Cigarette Beetles

Cigarette Beetle Exterminators in Fairfield, Litchfield, & New Haven County CT

Cigarette Beatle

Problems with pantry pest and in particular cigarette beetles are entirely controllable under professional care. Our treatment goal is to stop a problem at its source so it doesn’t keep coming back. Using state-of-the art equipment and methods, our licensed exterminators will inspect your home’s environment and construction to identify the problem and determine the best course of action. Contact us today!

Cigarette beetle, (tobacco beetle), is very similar in appearance to the drugstore beetle and as indicated by its common name, it’s a pest of tobacco products, but it can also infest a variety of stored products such as oilseeds, cereals, dried fruit, sage, flour, cocoa beans, coffee beans, copra, coriander, cottonseed, and some animal products. It will also infest paprika, chili, and dried dog food.

Both adults and larvae are capable penetrating many types of packaging material to reach their food source. An interesting fact is that this insect can actually feed on pyrethrum based herbicides (and pyrethrum powder) strong enough to kill cockroaches. Adults are strong fliers and are attracted to light at night. Adult beetles flying around lights at night are often the first indication of their presence.

Appearance & Habits

These beetles are small, red-brown to yellowish-brown and if viewed from above it appears oval or in profile its humpbacked in shape. Its length is is 3 to 4 mm. The antennae are serrated and the wing coverings are smooth without longitudinal grooves. This insect is found throughout the year, but seems to be more common in the fall and winter months.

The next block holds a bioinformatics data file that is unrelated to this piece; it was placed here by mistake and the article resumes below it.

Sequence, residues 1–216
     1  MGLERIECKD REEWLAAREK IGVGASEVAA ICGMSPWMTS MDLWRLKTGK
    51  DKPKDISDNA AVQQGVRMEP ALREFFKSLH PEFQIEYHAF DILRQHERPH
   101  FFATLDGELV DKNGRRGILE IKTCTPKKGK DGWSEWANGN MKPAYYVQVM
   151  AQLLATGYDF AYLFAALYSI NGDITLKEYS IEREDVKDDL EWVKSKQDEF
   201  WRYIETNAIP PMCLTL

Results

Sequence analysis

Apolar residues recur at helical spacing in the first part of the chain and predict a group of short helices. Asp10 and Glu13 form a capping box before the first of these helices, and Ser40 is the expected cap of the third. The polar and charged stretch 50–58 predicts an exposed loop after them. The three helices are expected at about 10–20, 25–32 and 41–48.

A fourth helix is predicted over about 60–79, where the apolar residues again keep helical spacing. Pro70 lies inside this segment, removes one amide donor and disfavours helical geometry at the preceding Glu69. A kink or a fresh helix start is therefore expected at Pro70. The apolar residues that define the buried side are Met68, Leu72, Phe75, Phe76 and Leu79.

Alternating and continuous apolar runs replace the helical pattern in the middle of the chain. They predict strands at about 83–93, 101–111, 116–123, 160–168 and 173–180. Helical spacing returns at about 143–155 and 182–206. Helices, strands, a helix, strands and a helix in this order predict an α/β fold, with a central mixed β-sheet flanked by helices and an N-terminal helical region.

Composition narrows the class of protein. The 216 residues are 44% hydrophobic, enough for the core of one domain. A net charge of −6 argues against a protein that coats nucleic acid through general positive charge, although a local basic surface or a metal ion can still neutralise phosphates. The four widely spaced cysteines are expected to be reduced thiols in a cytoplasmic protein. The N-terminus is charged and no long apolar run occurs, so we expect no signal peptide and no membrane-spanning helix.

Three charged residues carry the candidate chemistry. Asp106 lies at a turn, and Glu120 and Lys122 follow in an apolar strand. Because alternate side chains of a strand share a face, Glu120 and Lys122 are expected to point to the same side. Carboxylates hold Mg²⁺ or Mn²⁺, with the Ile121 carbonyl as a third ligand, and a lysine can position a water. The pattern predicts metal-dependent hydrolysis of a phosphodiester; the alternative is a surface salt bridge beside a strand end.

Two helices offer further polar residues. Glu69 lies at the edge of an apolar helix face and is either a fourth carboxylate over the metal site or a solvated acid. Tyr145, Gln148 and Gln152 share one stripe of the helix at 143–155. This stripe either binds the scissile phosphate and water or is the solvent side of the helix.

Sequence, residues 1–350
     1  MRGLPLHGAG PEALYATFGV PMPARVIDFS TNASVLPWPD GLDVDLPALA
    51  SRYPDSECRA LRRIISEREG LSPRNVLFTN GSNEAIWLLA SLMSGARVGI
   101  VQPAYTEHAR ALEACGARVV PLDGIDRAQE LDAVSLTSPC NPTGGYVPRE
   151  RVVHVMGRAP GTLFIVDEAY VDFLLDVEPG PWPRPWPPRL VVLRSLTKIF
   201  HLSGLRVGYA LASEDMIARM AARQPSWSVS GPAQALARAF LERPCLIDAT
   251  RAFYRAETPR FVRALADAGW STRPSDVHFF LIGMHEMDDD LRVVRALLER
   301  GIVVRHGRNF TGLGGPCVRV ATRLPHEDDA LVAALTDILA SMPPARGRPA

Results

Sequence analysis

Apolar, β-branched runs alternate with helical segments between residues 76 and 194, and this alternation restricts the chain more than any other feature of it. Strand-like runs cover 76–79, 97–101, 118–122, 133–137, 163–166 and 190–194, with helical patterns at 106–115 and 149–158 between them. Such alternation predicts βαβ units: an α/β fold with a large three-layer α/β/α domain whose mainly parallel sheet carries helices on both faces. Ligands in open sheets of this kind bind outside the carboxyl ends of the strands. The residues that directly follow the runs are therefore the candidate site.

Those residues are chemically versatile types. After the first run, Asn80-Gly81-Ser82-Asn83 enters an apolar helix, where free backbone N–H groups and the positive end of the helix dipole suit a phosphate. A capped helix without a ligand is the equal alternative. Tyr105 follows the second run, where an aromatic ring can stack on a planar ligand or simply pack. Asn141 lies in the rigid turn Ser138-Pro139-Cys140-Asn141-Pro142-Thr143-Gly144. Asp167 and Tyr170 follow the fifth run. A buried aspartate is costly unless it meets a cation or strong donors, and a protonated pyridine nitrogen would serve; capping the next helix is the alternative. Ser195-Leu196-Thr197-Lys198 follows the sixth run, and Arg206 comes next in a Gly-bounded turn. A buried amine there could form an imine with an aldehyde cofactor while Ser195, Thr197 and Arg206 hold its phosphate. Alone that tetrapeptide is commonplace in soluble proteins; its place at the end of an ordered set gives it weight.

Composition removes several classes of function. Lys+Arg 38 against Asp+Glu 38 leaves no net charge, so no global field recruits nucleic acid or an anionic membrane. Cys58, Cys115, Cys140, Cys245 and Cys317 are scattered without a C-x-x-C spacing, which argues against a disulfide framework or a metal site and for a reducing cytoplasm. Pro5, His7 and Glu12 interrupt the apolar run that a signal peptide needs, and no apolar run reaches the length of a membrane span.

The eggs are white, oval and too small to be easily seen with the naked eye. The larvae are white and grub-like; long hairs cover the bodies of the larvae and give them a fuzzy appearance. The female beetle will usually lay around 100 eggs on a food source and the hatching larvae will move around on and bore into the various food products. This insect’s life cycle takes 26 days at 98 °f and 120 days at 68°f. L. They usually die within a week in temperatures below 40 F.


The cigarette beetle can be controlled without the use of pesticides. The first step in control of the cigarette beetle is to find the source of the infestation. This means inspecting all of the dried foods in the infested cabinets or drawers. Once the infested material is found, it should be destroyed.

Clean all the cabinets and drawers with a vacuum cleaner (then throw the cleaner bag away). It is important that susceptible food material be stored so that adults and larvae may not have access to it. Glass jars and plastic containers with air tight covers effectively keep food insect-free. Infestations observed on food stored in either type of storage container are trapped and unable to spread to other food items.

Susceptible food items need to be tightly contained or stored in the refrigerator or freezer, or be consumed within two to three weeks of purchase. Infestations of dried flowers may be “fumigated” by placing a small amount of moth crystals and the flowers in a plastic bag for a day or two.